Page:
Advanced airway-management


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  • In most cases Pre-hospital airway needs managing regardless of difficulty , and the Paramedic is expected to do that, regardless of difficulty ….so what is the benefit of knowing a Fancy system?
  • Advanced airway-management

    1. 1. Advanced Airway Management Part 4 The Difficult Airway By Steve Cole, CCEMT-P
    2. 2. … So I said “Hey Ya’ll…watch this”…………
    3. 3. Goals <ul><li>Predict a difficult airway based on clinical criteria </li></ul><ul><li>Plan for appropriate action in the difficult airway </li></ul><ul><li>Initiate appropriate plans of attack with confidence in the “Can’t Ventilate/Can't Intubate” (CVCI) situation </li></ul><ul><li>Become informed about some new (and not so new) airway options out there. </li></ul>
    4. 4. What this class assumes : <ul><li>You already understand the basic anatomy of the Airway </li></ul><ul><li>You already have a basic understanding of both BLS airway maneuvers and Endotracheal Intubation by Oral and Nasal means </li></ul><ul><li>That the concept and procedure of RSI is well understood </li></ul><ul><li>You are familiar with needle and traditional surgical airway procedures. </li></ul><ul><li>You are an experienced operator in the field of EMS. </li></ul>
    5. 5. As Such: <ul><li>I have skipped over some of the basics to fit new stuff in the time allotted </li></ul><ul><li>I have tried to entice your interest with some of the “Hot Topics” in airway management. </li></ul><ul><li>Because: </li></ul>
    6. 6. “ A mind once stretched by new Ideas never regains it original dimensions…”
    7. 7. Why do we Intubate? <ul><li>Inability to protect and maintain patent airway. </li></ul><ul><li>Failure of oxygenation or ventilation. </li></ul><ul><li>Anticipated need based on clinical course </li></ul>
    8. 8. Ideal conditions for intubation <ul><li>Ideal Lighting, positioning, etc. </li></ul><ul><li>Plenty of assistance </li></ul><ul><li>Time to prepare, plan, discuss </li></ul><ul><li>Option to Abort </li></ul><ul><li>Empty Stomach </li></ul><ul><li>Back up available. </li></ul>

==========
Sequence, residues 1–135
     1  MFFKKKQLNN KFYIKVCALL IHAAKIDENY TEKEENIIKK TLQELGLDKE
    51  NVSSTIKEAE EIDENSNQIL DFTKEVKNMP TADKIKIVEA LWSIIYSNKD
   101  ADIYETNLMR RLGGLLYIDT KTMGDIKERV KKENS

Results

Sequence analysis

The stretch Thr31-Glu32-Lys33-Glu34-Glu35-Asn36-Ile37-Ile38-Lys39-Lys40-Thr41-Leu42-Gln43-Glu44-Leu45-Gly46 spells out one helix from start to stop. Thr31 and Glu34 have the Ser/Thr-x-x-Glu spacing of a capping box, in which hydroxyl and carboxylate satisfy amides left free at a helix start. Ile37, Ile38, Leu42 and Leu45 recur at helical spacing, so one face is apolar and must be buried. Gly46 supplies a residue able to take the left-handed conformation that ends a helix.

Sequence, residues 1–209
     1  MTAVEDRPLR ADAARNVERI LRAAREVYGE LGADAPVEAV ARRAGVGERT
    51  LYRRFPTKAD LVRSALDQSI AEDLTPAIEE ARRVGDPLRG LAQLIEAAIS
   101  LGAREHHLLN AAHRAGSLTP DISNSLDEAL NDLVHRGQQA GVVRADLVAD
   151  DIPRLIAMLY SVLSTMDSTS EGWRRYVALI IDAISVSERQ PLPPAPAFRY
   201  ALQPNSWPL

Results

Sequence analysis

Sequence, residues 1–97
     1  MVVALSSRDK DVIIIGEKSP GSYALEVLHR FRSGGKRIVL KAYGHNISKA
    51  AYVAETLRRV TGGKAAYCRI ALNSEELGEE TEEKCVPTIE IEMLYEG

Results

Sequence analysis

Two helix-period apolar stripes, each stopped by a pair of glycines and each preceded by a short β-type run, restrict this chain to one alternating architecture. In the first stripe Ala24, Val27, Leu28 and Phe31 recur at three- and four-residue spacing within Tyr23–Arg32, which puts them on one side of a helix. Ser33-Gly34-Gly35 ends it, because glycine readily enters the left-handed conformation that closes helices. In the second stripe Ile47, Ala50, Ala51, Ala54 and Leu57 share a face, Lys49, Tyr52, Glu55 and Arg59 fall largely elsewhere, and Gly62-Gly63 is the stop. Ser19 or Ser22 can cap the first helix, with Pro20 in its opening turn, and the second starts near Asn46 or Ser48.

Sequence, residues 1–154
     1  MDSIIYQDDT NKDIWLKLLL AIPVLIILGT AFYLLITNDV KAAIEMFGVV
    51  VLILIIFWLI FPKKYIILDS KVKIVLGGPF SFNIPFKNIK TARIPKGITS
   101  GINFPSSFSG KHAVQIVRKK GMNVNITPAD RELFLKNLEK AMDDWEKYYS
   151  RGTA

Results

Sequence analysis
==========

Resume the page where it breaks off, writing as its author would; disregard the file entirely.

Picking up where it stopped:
9. 9. Ideal Pt. for intubation <ul><li>Intact, clear airway </li></ul><ul><li>Wide open mouth </li></ul><ul><li>Pre-Oxygenated </li></ul><ul><li>Intact respiratory drive </li></ul><ul><li>Normal dentition/good oral hygiene </li></ul><ul><li>Clearly identifiable and intact Neck and Face </li></ul><ul><li>Big open Nostrils </li></ul><ul><li>Good Neck Mobility </li></ul><ul><li>Greater than 90 KG, Less than 110 kg. </li></ul>
    10. 10. If only they looked this good…
    11. 11. Ped and Adult Normal Trachea
    12. 12. How many of our Pt’s are like That?
    13. 13. In Reality Our patients are: <ul><li>Immobilized </li></ul><ul><li>Traumatized </li></ul><ul><li>Compromised </li></ul><ul><li>Prioritized </li></ul><ul><li>Beer-n-Pizza-ized </li></ul>
    14. 14. They Tend to look like This:
    15. 15. And This:
    16. 16. And This (after failed ETT attempt)
    17. 17. Most of our Patients are already “difficult airways” by “OR” Standards. Why should EMS personnel try to further identify a difficult airway?
    18. 19. The American Society of Anesthesiology (AMA)has noted: <ul><li>“… there is strong agreement among consultants that preparatory efforts enhance success and minimize risk.” </li></ul><ul><li>And “…The literature provides strong evidence that specific strategies facilitate the management of the difficult airway “ </li></ul><ul><li>Thus Identifying a potentially difficult airway is essential to preparation and developing a strategy. </li></ul>
    19. 20. What does this mean to us? <ul><li>Well, many Anesthesiologist have the option to “Abort” induction, or to work through a problem with as much assistance as needed. </li></ul><ul><li>In the REAL WORLD of EMS that is seldom the case for Paramedics. </li></ul><ul><li>However many of the BASIC principles are valid in the clinical evaluation of Patients, and thus valuable in our education as medics. </li></ul><ul><li>Knowing these principles will improve our decision making process and Patient Care;. </li></ul>
    20. 21. How can we further identify a difficult airway? <ul><li>PMHx </li></ul><ul><li>Basic Physical Exam </li></ul><ul><li>Thyromental Distance </li></ul><ul><li>Dr. Binnions “Lemon” Law </li></ul><ul><li>Mallampati Classification </li></ul>
    21. 22. Past Medical History <ul><li>Rheumatoid Arthritis </li></ul><ul><li>Ankylosing Spondylitis: Painful Stiffening of the Joint </li></ul><ul><li>Cervical Fixation Devices </li></ul><ul><li>Klippel-Fiel Syndrome: Short wide neck, reduction in number of cervical vertebrae, and possible fusion of vertebrae. </li></ul><ul><li>Thyroid or major neck surgeries </li></ul><ul><li>Pierre Robin Syndrome: Small Jaw, cleft Pallet, No Gag reflex, downward displacement of tongue </li></ul><ul><li>Acromegaly: Thickening of Jaw, Soft tissue structures of the face, associated with middle age </li></ul>